It’s a long way to come to London just to taste and share wines with your friends. But that is very much the spirit amongst South African winemakers, many of whom are close friends who love nothing more than just sitting back and enjoying each other’s wines. They also like showing them to buyers and sommeliers in the UK trade which is what Lukas Van Loggerenberg will be doing this week with a host of other winemakers at the third New Wave South Africa wine tasting.
The speed of growth within the UK wine industry really does take your breath away. Last year saw a staggering 13.2 million bottles produced, and a further 1.6m vines planted, on top of the 1m that went into the ground in 2017. Which means future production can only get significantly higher. All of which is great news for the overall UK wine industry providing it can find a market for all the wine it is making. Which is why this week’s Wine GB annual tasting is even more significant than normal, says marketing manager Julia Trustram Eve. The chance to show the trade and its buyers just how far the British wine sector has come and why importers, retailers, and restaurant and bar groups need to find more space for them on their lists.
When the first crew of Cotswolds Distillery showed up for work five years ago there were a few key things missing. Number one, apart from a couple, no-one had made whisky before. Number two, no distillery. And yet here we are five years down the line and this dynamic homegrown company has just picked up two IWSC gold medals for its Flagship and Founders Choice whiskies. Not only that but its gin has been building up a loyal following – on account of it going cloudy when you add tonic. For native New Yorker Daniel Szor, CEO of the company, it is the fulfilment of a dream – a dream that saw an ex-hedge fund manager who liked touring distilleries in Scotland set up his own in the Cotswolds. Geoffrey Dean visited Cotswolds Distillery and hears first hand how Szor and his team have managed such ‘overnight’ success.
Having concentrated on producing quality, traditional-method sparkling wine and getting that right, the British wine industry is now truly in a position of ascendancy, writes Justin Keay. Visiting Ridgeview, Bolney and Albourne, Keay gives a rundown on his favourite fizz but also discovers a whole raft of experimentation going on – both with grape varieties and styles of wine being made. What had for him been a summer of discontent, what with the Brexit shambles, had one ray of hope and that was British wine – now with the right quality, quantity and with the right expression of terroir to make the world sit up and listen.
“There’s nowhere in the world like it.” Which is reason enough for Ben Henshaw to keep going back to South Africa to find more dynamic, cutting edge winemakers to add to its already impressive portfolio of South African wines, a country he believes is leading the world in terms of innovation and new wines styles. You can meet all of Indigo Wine’s South African winemaker partners, alongside those from the four other importers involved in hosting what will be the third New Wave wine tasting in London on September 3.
Distill Ventures doesn’t have holding music when you call it up. It does not quite cut the image of the world’s first hip and happening spirits drinks accelerator company. But if it did then The Pet Shop Boys lyrics “I’ve got the brains, You’ve got the looks, Let’s make lots of money” would be perfect. For that, in a nutshell, is what Distill Ventures does. Admittedly with Diageo’s money. Founded in 2013 it finds start up drinks brands it believes have what it takes to make it on a global scale. If its partner, Diageo, agrees, then it gets the green light to use Diageo funding to help develop and build that brand up. To potentially the point when Diageo offers to make it part of its own portfolio. Like it already has done with the world’s first non-alcoholic spirits brand, Seedlip. But how does it work in practice? What makes a brand so unique and exciting that Distill Ventures would want to take it on? Co-founder Frank Lampen explains to Richard Siddle the step-by-step process it goes through before it’s prepared to share its “brains”, or “money” with any potential drinks entrepreneur.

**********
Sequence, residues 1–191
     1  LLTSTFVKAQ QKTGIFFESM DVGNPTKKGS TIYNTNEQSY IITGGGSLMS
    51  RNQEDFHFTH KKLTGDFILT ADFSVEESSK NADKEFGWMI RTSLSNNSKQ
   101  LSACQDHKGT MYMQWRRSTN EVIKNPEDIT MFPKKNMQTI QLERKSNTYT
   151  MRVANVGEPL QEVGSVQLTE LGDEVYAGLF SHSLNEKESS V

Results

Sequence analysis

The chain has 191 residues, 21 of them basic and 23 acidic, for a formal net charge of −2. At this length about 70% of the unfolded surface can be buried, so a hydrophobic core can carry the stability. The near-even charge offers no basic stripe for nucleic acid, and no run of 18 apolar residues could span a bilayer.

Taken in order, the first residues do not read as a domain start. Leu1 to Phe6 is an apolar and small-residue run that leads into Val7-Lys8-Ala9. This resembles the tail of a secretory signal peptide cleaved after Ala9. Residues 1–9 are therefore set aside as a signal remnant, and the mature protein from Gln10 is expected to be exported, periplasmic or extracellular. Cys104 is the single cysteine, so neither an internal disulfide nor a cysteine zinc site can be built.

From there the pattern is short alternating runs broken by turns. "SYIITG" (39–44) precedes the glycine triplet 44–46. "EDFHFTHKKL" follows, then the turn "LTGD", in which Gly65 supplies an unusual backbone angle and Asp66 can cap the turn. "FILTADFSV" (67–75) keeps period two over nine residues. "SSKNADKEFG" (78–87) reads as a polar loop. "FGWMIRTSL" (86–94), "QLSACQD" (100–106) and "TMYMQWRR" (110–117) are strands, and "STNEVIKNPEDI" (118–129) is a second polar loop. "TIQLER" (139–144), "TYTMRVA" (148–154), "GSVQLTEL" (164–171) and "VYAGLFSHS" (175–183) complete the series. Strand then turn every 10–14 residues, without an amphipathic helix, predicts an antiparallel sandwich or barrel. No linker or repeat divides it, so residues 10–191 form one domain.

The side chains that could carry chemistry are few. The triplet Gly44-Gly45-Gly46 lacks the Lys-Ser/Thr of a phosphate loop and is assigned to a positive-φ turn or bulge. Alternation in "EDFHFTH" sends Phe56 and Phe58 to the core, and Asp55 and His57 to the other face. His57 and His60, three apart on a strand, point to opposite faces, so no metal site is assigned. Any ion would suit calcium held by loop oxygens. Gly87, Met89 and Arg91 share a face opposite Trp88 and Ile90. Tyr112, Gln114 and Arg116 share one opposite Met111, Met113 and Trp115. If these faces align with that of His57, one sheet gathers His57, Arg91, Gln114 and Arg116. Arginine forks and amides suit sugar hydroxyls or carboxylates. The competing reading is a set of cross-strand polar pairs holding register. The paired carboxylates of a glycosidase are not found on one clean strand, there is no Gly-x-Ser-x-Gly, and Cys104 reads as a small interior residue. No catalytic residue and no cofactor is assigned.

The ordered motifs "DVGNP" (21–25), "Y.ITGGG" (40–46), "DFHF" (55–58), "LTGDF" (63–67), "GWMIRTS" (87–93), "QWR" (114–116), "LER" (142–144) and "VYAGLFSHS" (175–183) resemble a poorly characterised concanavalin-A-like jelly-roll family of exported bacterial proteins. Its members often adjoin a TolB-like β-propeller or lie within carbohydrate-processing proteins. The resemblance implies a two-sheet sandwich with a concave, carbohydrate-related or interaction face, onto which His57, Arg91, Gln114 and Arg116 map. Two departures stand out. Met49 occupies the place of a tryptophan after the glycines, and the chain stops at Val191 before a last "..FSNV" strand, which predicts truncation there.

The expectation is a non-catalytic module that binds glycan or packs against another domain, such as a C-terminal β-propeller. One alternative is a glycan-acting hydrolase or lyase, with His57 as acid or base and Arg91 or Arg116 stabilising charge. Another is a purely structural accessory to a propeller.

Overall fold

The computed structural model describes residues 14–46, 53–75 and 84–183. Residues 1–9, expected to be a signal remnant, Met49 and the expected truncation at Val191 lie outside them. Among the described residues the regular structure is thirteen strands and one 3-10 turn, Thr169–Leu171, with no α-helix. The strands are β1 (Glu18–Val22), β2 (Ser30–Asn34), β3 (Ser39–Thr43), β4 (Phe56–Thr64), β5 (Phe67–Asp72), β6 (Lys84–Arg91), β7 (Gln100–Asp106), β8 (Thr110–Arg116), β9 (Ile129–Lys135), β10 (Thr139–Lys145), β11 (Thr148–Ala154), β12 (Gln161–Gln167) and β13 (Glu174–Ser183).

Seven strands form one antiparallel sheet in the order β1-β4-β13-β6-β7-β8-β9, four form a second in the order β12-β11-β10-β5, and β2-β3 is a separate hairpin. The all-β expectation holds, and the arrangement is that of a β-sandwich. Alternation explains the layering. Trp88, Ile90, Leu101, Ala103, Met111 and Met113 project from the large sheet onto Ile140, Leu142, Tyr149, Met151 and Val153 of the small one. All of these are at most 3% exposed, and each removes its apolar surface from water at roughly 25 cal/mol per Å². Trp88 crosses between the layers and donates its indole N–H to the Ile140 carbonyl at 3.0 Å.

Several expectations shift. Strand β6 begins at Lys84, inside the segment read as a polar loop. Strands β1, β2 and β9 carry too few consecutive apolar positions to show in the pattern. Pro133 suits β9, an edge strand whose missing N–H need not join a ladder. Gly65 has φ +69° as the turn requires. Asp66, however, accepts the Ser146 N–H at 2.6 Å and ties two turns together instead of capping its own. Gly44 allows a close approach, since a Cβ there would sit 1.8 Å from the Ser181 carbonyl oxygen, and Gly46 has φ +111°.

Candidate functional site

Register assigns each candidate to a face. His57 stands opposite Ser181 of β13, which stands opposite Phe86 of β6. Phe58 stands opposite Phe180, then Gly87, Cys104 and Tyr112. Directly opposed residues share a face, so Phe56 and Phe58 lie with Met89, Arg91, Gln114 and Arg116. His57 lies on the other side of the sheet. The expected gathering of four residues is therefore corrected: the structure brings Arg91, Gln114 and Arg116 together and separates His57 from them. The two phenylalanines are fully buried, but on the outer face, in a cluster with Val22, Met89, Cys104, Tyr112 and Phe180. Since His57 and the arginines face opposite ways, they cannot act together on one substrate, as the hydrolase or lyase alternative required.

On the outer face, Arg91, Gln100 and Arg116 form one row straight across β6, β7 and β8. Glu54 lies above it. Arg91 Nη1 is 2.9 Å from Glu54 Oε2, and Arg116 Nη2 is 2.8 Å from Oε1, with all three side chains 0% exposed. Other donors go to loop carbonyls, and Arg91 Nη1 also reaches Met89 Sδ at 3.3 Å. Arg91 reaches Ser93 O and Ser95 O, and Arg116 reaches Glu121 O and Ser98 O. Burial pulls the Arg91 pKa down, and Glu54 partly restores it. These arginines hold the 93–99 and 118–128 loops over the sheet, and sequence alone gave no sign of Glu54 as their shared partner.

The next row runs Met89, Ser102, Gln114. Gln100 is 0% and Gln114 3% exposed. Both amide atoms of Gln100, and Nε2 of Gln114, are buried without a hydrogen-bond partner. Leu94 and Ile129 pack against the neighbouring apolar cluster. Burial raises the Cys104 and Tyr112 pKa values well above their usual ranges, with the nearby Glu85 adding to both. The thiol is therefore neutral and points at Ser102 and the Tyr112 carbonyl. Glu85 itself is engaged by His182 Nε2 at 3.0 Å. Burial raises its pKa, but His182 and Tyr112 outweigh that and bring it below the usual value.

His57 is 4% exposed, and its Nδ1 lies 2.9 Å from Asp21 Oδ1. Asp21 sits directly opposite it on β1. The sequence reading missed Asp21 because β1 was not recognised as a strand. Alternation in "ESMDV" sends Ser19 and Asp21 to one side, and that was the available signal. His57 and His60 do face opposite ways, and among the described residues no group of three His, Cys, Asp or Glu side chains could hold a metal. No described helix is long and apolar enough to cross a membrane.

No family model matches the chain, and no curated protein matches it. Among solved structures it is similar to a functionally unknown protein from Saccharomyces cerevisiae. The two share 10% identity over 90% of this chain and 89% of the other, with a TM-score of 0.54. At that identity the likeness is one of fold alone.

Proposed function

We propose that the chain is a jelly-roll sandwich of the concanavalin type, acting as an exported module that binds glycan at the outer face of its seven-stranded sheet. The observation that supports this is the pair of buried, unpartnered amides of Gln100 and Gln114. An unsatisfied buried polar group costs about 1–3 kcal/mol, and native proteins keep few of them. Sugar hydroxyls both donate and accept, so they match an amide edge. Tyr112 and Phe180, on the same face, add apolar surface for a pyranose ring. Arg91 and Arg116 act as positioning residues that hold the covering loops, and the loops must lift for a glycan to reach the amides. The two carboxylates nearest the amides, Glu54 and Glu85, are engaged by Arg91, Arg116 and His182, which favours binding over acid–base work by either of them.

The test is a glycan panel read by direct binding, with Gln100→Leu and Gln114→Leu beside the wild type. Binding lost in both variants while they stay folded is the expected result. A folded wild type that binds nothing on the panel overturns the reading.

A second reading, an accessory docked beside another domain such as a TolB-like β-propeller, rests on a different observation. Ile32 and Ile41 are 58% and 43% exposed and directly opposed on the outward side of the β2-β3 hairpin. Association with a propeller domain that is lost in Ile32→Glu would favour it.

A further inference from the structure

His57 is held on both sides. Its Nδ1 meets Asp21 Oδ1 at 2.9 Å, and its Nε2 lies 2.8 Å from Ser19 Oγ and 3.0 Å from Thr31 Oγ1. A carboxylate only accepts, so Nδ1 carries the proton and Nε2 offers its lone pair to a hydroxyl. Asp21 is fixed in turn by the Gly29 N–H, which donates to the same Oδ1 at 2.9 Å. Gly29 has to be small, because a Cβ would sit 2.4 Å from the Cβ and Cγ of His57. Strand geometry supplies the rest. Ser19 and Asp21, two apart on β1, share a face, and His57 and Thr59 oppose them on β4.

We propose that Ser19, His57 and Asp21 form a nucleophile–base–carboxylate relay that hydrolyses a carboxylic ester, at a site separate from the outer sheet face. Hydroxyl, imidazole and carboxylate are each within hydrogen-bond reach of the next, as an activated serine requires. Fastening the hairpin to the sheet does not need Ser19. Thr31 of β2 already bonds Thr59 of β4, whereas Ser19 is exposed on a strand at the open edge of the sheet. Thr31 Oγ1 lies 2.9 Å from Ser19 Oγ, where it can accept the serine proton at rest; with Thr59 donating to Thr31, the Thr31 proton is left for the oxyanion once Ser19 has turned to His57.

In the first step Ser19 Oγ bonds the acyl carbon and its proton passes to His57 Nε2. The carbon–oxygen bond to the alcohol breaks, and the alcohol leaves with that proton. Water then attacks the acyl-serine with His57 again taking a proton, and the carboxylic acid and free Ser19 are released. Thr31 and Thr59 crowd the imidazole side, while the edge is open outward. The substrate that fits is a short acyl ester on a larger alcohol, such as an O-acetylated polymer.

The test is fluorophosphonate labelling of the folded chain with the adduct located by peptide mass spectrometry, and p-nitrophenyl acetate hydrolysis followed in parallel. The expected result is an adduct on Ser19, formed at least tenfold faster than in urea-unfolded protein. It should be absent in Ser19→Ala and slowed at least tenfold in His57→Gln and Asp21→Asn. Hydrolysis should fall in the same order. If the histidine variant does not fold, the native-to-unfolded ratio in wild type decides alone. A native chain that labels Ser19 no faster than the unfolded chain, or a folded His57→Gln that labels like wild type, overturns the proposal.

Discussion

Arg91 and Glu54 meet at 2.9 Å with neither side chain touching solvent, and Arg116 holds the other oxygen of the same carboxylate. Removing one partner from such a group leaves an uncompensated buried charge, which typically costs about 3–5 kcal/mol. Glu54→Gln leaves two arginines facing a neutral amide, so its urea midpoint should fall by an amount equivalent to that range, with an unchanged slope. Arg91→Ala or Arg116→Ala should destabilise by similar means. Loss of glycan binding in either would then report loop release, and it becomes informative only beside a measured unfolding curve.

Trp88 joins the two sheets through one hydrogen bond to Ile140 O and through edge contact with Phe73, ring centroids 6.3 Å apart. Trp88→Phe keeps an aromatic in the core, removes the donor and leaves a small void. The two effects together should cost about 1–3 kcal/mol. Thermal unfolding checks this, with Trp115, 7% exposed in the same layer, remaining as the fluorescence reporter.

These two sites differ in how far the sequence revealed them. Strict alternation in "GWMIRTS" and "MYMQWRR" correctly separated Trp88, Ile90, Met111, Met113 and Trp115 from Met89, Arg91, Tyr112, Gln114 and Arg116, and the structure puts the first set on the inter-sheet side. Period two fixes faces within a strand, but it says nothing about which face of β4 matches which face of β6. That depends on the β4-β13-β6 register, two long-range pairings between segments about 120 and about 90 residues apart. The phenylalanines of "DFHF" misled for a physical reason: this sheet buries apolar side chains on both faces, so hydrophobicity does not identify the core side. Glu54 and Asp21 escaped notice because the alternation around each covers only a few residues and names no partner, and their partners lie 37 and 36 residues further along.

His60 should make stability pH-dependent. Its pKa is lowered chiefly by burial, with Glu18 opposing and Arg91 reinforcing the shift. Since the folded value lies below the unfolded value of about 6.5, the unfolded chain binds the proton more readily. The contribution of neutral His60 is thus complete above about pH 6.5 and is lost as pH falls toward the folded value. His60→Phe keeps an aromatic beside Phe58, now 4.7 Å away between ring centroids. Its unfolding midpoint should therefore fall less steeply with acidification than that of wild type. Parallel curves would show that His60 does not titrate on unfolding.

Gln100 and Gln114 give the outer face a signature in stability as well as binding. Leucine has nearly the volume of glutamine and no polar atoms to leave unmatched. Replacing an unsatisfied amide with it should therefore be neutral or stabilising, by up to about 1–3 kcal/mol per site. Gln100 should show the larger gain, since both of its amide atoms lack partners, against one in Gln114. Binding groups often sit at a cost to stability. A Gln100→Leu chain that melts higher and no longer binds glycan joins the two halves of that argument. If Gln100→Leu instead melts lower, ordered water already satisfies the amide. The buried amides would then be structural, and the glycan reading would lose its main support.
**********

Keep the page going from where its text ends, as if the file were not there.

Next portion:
One of our most popular summer features is re-posted here as part of our popular The Buyer Rewind series (well the Chief and Pete need to get to the beach at some point!). As soon as the hot weather hits us we all check to see how much rosé is in the fridge. Or head to the nearest bar to while away the evening in front of an ice bucket or two. But have you ever noticed how poor the rosé selection is on most wine lists? That has got to change says our resident MW Anne Krebiehl who looks at the skill required to manage rosé on wine lists. Too often rosé is subjected to tokenism on the average list, but by carefully choosing a wider range, and focusing on what customers are really looking for means that rosé could become a significant new revenue driver for a bar or restaurant.
It’s great for producers and winemakers that there are so many major international wine competitions that they can enter, but they all effectively live and die by the quality of the judges they have assessing the wines. It means there is enormous pressure on even such a prestigious event as the International Wine & Spirit Competition to not only attract the best judges it can, but to analyse how the judging is done to ensure the best wines are being awarded. Here in a new series of articles profiling key judges in the IWSC’s revamped competition we talk to two leading retail buyers, Ana Sapungiu MW from Oddbins and Sarah Knowles MW, one of the buyers at The Wine Society, about why they took part this year for the first time.
Warmer weather, vine ageing and better winemaking means more balanced wines for British wine – whose standout summer event is Fizz Fest, organised by Vineyards of Hampshire. The sun shone on the day itself as much as it has on the vines this summer, which looks like yielding a spectacular 2019 crop. Justin Keay found the eight wineries present in fine fettle but more interesting was the amount of experimentation going on – Madeleine Angevine, Schönburger, Auxerrois Blanc and Pinot Gris anyone? The innovative use of ‘completely different’ grape varieties was a real head-turner, as Keay elaborates.